O rientalism was a truly pan-European, even - taking into account its American exponents - transatlantic genre.
Artists hailed from Scotland, England, France, Italy, Spain, Denmark, Germany, Austria, Belgium, Poland, Hungary, and Serbia, united in their quest for new experiences and subjects in North Africa, the Middle East and Turkey, as well as a ready and eager market for this novel genre in their home countries. These entrepreneurial artists were among the most socially mobile the world had ever seen, making not only unprecedented journeys to the East, but within Europe too, either to further their artistic training or lured by the promise of a good living.
The Visionary Delights of Orientalist Art
Many Spanish Orientalists, for instance, including Antonio Fabres y Costa and José Benlliure, gravitated to the Spanish Academy in Rome where, inspired by Mariano Fortuny, they produced some of their most important paintings.
However, arguably the hub of academic Orientalist art was Paris, where Jean-Léon Gérôme’s reputation as the preeminent Orientalist preceded him, his public profile bolstered by his regular Salon submissions of which Egyptian Recruits Crossing the Desert from the Najd Collection and now being offered as a highlight of this year’s Orientalist Sale, is a prime example.
Gérôme’s fame and success acted as a powerful magnet for Orientalist painters from far and wide in the 1860s and 1870s, many of whom, including the American Frederick Arthur Bridgman, whose Towing on the Nile from the Najd Collection is included in the sale, and the Swiss Eugène Girardet, cut their teeth under his tutelage.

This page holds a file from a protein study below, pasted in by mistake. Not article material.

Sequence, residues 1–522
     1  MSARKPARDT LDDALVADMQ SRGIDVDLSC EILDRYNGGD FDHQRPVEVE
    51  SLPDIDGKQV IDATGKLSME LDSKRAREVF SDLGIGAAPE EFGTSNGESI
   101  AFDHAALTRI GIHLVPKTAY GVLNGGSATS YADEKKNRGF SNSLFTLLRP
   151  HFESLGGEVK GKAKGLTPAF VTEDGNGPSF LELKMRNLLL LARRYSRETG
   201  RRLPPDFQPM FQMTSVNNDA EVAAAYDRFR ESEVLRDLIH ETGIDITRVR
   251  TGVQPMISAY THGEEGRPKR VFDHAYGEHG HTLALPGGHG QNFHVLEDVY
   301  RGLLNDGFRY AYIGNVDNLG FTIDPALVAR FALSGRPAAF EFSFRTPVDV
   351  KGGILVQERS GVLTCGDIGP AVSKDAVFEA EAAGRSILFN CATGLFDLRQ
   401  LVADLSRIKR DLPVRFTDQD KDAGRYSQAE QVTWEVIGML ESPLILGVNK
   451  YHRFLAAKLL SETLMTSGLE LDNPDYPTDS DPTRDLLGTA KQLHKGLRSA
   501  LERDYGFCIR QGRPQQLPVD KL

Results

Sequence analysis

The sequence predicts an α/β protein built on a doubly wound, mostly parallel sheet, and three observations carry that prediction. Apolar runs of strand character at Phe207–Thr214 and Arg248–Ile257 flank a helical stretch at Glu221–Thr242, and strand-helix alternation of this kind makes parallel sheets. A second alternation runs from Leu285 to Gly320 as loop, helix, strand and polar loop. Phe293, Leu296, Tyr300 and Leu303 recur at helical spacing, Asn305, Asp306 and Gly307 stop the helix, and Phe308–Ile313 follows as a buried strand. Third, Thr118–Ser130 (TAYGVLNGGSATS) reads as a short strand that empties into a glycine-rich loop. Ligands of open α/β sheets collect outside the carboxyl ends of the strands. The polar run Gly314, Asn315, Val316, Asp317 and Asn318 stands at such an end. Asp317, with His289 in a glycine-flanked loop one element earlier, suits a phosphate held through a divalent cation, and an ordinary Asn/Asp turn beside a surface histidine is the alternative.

Some of these students went on to exhibit alongside their master at the annual Paris Salon – Girardet’s The Water Carriers, Tangiers in the sale, for example, was shown at the Salon of 1878. Another painter attracted to Paris was the Ottoman polymath Osman Hamdy Bey who studied under another renowned academic painter, Gustave Boulanger, and went on to become the first Turkish artist to embrace the French academic style of painting.
However, by far the greatest and most important migration of Orientalist painters to the French capital was from Austria in the later 1870s and 1880s. Having received an excellent training at the Vienna Academy under the father of Austrian Orientalism, Leopold Carl Müller, and eager to benefit from the public traction and prestige Orientalism was enjoying in France, the likes of Ludwig Deutsch, Rudolf Ernst, Karl Wilda, and Arthur von Ferraris established successful and above all lucrative careers in Paris, capitalizing on the success of their French (and French-trained) colleagues and playing them at their own game.
Deutsch and Ernst, friends from student days and travel companions in Egypt, took studios in rue Le Peletier in the 9th and rue de Humboldt in the 19th arrondissements, respectively, and quickly became part of the Parisian artistic establishment, exhibiting their Orientalist subjects at the Salons and enjoying the patronage of the newly wealthy bourgeoisie.
Clearly inspired by Gérôme, Deutsch in particular took the latter’s rigorous draughtsmanship and eye for detail to new levels, as seen in The Water Seller and The Sentinel in the sale, both from the Najd Collection. And such was the kudos attached to ‘French’ Orientalism that he would often inscribe his works ‘Paris’ as if more validation were needed. Others, like Karl Wilda, even took to gallicising their names, in his case signing his paintings ‘Charles’.